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How to manage millennials

How to Manage Millennials at Work | What CEOs Must Know

Millennials (born 1980 – 2000) are more educated and tech savvy than any other generation. We grew up with information at our fingertips. And by 2025 we will make up 75% of the workforce.

However, millennials are a flight risk. Our generation is the least engaged at work. More than 60% of millennials are open to finding new opportunities. A Gallup analysis showed that 47% of disengaged millennials will switch jobs within the next 12 months compared to 17% of those that are engaged in their work. Turnover is expensive, costing the US economy $30.5 billion each year.

Millennials seem to always be on the hunt for a new job. This is not because we don’t value security. In fact, financial security is very important to us. But so are our professional and personal values. 

Millennials are changing the way we work from

  • Paycheck to Purpose
  • Satisfaction to Development
  • Boss to Coach
  • Annual Review to Ongoing Conversations
  • Weaknesses to Strengths
  • Job to Life

CEOs must know how to manage millennials. This means adjusting to the needs and desires of the next generation. Millennials need to feel engaged, or we’ll simply change jobs. 

Millennials work for a purpose. In a recent study, 75% of millennials said they would take less pay to work for a socially responsible company, 76% consider a company’s social and environmental policies before accepting a position, and 64% won’t take the job if the potential employer doesn’t have corporate responsibility practices. This doesn’t mean that companies should donate more money. Socially responsible companies are concerned with the bottom line and the community, equally. These companies make day-to-day decisions based on social and environmental accountability. Millennials are excited to show how their work is making the world a better place. CEOs that include social media sharing practices create ambassadors for their social and environmental efforts. Effectively, CEOs are building the brand from the inside out – and building a network of referrals.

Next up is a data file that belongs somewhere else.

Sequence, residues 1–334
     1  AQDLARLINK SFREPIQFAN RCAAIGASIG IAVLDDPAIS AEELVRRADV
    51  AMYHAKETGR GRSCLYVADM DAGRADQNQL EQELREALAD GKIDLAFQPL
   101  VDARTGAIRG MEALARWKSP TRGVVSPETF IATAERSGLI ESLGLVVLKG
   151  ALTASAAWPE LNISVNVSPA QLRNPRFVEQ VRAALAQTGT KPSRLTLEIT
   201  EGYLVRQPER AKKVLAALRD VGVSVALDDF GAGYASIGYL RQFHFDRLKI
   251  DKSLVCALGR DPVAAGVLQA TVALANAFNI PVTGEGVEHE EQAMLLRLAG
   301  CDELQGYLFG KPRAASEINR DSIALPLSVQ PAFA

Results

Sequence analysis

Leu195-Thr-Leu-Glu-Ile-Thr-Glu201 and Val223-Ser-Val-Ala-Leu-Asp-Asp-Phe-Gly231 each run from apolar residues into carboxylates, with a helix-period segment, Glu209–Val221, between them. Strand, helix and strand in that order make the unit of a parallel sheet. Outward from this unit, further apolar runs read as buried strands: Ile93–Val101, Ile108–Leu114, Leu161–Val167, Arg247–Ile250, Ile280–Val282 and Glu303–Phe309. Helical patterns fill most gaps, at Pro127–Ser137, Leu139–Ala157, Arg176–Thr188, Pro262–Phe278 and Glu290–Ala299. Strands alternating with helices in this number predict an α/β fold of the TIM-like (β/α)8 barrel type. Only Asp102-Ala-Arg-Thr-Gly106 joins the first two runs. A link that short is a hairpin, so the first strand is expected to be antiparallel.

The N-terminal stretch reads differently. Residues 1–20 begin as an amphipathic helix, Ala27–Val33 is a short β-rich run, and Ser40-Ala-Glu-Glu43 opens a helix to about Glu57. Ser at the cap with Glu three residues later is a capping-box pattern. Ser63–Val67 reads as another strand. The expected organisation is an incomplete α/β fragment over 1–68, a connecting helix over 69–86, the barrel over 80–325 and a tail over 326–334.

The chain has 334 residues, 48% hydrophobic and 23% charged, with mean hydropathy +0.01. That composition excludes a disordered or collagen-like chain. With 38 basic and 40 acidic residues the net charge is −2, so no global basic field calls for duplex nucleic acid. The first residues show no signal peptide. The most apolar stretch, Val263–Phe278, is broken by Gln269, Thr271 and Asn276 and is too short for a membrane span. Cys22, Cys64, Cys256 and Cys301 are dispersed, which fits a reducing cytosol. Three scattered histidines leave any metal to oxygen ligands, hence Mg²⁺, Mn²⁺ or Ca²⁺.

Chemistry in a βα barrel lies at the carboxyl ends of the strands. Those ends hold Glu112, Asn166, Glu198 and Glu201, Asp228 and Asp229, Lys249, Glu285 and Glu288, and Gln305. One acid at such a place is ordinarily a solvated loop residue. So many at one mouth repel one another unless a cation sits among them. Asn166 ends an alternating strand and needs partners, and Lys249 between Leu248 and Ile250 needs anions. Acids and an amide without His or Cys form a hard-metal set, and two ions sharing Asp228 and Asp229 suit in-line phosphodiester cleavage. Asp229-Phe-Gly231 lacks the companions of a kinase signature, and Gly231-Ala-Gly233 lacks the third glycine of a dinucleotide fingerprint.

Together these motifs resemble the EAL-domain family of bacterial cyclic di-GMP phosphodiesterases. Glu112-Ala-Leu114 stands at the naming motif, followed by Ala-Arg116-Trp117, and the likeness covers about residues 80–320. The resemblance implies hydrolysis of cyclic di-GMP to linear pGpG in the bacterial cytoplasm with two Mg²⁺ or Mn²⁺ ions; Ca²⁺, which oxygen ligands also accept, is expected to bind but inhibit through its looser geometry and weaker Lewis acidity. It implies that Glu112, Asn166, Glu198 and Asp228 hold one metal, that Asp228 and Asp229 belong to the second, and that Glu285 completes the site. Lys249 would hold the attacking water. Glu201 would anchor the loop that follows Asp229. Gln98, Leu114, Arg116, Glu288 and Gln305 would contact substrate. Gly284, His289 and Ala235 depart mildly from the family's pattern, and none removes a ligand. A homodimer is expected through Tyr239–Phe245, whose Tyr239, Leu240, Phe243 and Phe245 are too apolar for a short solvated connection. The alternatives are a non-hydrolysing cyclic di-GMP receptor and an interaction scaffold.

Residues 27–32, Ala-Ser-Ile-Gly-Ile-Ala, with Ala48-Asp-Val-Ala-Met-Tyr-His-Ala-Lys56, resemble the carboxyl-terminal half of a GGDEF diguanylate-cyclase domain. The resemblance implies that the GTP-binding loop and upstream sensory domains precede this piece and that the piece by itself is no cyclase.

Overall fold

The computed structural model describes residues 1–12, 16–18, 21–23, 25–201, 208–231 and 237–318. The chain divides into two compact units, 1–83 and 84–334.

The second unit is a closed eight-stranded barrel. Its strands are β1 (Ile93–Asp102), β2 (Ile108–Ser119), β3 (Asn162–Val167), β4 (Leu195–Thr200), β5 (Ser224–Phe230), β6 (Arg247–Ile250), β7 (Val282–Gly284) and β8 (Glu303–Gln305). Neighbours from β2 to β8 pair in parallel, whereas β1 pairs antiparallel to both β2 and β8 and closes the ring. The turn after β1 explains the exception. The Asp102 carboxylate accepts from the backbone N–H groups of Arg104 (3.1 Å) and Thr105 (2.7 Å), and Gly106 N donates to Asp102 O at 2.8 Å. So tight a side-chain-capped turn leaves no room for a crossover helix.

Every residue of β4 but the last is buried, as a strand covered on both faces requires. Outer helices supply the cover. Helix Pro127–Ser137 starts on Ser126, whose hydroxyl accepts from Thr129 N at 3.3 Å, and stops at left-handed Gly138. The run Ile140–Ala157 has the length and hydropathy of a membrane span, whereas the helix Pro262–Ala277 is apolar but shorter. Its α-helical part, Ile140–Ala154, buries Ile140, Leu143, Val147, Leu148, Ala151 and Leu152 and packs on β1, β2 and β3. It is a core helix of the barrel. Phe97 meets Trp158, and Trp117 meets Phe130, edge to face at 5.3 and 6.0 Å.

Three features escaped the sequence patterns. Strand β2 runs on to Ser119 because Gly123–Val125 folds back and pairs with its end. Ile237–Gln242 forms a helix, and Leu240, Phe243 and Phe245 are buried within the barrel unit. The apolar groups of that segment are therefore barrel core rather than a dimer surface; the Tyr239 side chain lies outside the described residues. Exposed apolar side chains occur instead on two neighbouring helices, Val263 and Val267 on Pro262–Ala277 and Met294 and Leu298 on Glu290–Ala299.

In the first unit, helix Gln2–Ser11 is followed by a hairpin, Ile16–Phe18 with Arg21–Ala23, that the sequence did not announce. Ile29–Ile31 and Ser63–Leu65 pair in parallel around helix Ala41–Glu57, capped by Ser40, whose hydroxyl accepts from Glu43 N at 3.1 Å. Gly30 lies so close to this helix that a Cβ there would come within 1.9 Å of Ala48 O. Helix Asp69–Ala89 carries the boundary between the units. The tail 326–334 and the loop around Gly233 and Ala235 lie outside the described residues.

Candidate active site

Millennials work for development. We want to learn and grow. Most of us are early in our careers and grew up with an insatiable appetite for knowledge. We want to be challenged. As CEOs, let your prospective millennial employee know the policies in place for career development, tuition reimbursement, and other learning opportunities. CEOs need to show that they support the professional goals of millennials. Millennials value professional growth over perks. 

Millennials are looking for a coach. We’re not looking for someone to tell us what to do or give us a to-do list. We want someone to mentor us, support and empower us to achieve. Instead of focusing on how we failed, we want someone who will help us get back up. We want feedback vital to personal development and career achievement. Millennials are looking for bosses that will inspire us. 

Millennials want ongoing conversations. Semi-annual and annual reviews don’t work for millennials. We want to know how we’re doing as we’re going. Our generation is about fixing things quickly. We don’t want to do something one way for a year only to learn we’ve been doing it wrong. We want to connect with management and feel like we’re part of the conversation. This ties into growth, development, and purpose. Millennials need to feel like they’re part of the team, not just be part of the team. Ongoing conversations create engaged employees. 

Millennials focus on their strengths. CEOs must learn to individualize work product for millennials’ unique strengths. In today’s age, millennials are masters within their discipline. We want to be experts. CEOs need to learn to set expectations individually to avoid minimizing the contributions we make. When management checks in regularly, they can ensure we’re continually using our strengths.  

Millennials focus on life. Work is a central part of our lives, not something to be “balanced.” With this belief comes flex time, work-from-home, and permission to leave when the job is done. We work on tasks and projects, not for time clocks. Millennials want to work for companies that support their professional and personal goals with an emphasis on well-being. We are a generation focused on healthy alternatives. 

Millennials were quickly able to shift to COVID stay-at-home orders. We’re savvy and adaptable. We’re likely to share what we’re doing at work on our social channels. We strive to be the best we can be. And, when fostered, we’re loyal. 

We are also being plucked by employers directly from our LinkedIn profiles by savvy CEOs that know how to reward us. As CEOs you have the choice. You can learn how to manage millennials or install a revolving door.

One Response

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